But, you know, as I say the problem is I have never seen them for sale in Hong Kong. They seem , to me, to be cigars that are targeted to the US which 'fill the Cuban void'; no embargo here- no void! Combined also with a small market, luxury item, supply and demand thing etc. I checked at the cigar shop and all they had ( non-Cuban) were Davidoff's. I tried one of those, it was OK- Almost like smoking a White Owl ( Dutch )IMHO, tried some alcohol shops a while back and found some Belvedere's and Hollanders?

    Most Cubans here would start at about US$10 a pop…

    I guess neither of us can have the best of both worlds 😉

    P.S. I agree with the other comments about Cohiba's decline in quality and premium price. I recommend the HP Upman's, Juan Lopez and Robianans highly.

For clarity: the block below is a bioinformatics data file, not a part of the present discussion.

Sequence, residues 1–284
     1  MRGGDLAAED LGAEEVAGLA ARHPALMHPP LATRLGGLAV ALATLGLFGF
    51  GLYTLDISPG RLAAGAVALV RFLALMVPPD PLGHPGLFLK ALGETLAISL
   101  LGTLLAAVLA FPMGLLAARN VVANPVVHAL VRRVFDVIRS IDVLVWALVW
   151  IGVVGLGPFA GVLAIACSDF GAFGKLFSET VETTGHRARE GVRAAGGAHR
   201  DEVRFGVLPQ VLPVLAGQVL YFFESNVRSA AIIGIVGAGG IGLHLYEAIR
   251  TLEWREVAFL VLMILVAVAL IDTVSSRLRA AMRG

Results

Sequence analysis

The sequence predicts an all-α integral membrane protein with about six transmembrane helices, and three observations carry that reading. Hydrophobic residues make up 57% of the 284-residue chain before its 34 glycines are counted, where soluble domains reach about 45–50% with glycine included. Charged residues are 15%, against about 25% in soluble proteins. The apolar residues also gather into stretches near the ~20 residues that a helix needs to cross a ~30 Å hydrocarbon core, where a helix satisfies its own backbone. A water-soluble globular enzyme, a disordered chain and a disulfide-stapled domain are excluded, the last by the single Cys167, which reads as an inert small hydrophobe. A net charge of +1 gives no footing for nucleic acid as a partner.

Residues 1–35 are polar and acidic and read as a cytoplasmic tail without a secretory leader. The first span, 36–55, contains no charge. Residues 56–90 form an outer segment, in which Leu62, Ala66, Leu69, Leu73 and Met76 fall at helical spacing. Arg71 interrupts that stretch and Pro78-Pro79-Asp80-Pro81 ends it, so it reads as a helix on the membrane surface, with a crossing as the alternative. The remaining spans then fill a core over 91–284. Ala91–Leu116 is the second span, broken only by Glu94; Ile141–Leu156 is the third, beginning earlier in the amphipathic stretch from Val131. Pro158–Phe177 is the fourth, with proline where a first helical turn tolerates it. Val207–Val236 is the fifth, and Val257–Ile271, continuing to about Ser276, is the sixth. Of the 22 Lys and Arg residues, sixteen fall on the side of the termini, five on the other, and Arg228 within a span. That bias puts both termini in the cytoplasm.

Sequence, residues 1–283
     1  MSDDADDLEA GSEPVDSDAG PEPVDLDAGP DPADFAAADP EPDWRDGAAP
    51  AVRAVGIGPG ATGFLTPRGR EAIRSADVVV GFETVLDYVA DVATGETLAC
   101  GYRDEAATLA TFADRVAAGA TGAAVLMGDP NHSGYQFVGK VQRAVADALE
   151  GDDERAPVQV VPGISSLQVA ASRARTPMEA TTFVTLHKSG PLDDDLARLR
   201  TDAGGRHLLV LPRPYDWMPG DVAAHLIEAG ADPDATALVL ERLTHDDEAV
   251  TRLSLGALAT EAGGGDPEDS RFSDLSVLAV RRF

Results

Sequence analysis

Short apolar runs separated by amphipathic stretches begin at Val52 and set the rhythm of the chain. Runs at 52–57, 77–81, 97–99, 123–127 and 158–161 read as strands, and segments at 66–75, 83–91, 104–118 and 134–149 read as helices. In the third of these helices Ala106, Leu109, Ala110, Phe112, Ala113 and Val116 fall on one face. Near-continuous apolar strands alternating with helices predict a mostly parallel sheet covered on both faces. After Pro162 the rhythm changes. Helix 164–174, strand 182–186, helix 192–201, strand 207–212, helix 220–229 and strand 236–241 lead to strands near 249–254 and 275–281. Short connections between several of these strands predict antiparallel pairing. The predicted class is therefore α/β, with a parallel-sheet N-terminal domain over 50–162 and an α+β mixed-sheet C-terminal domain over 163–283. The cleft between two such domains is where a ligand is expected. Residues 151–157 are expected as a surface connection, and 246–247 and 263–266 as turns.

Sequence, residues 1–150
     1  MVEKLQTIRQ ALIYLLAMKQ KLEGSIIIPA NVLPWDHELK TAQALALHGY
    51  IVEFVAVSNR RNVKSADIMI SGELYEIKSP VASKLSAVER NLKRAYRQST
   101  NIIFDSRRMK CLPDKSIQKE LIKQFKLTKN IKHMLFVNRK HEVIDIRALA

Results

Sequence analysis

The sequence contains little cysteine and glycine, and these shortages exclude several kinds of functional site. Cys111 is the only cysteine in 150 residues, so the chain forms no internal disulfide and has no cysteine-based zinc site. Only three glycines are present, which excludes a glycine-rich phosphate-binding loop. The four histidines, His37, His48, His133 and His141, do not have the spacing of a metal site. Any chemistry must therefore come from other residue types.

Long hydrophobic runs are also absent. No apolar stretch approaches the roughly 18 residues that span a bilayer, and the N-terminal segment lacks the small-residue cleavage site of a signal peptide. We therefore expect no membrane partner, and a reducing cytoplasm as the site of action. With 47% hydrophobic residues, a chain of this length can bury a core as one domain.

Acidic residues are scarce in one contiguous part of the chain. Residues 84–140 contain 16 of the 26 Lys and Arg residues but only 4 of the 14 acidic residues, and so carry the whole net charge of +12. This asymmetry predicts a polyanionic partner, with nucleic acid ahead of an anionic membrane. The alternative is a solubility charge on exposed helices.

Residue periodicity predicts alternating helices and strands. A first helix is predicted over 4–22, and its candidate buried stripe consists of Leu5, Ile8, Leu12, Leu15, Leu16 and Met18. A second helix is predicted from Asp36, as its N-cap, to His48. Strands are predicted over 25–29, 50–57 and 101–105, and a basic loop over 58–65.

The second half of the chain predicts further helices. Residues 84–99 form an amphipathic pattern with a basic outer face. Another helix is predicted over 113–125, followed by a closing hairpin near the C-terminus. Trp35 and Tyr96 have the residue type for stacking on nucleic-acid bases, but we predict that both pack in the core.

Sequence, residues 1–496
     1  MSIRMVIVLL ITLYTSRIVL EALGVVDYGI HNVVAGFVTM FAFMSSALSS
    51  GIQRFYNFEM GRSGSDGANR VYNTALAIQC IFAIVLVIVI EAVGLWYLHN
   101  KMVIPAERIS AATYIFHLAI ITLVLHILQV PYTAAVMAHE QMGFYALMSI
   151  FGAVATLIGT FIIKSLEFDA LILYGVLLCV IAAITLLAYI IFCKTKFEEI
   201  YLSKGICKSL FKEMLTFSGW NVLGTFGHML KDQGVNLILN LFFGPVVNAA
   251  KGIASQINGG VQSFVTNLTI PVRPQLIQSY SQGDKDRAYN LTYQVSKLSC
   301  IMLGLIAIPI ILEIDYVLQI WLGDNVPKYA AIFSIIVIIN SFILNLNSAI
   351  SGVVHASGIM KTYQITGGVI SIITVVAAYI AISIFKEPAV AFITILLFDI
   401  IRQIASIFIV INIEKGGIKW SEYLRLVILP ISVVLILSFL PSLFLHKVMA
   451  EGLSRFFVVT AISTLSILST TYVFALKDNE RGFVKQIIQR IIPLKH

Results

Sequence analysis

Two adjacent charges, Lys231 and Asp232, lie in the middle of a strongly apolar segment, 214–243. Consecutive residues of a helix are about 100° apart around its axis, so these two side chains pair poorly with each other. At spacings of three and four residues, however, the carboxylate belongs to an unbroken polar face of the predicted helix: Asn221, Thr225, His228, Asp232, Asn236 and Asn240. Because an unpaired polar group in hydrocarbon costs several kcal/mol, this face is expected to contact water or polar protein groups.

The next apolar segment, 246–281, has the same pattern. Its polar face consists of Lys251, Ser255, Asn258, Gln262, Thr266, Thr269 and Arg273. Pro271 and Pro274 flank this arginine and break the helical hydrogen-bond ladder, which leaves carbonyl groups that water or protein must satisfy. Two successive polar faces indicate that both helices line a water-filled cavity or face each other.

10. Alex - Cigar Bunch Friday, April 25, 2008 at 10:06 pm #

    Cohiba cigars and Cuban cigars in general have gone up in quality in the last couple of years. I have tried over 200 non Cuban cigar brands and I still beleive Cuban cigars are the best and most complex cigars in the world specially current production. I think the problem is that there are not that many Cuban cigar choices and the good thing is there great non cuban cigar like Don Pepin, Tatuaje or Padron to enjoy.

  11. CPP Friday, November 13, 2009 at 8:41 am #

    First, love the site guys. I'm sitting at the Lanesborough having just smoked this cigar and have to say the review is right on. Great tasting but fiarly mild smoke to my palate. You are absolutely right about construction issues; constant touch-ups and unreliable ash were a real pain unfortunately. Keep up the good work.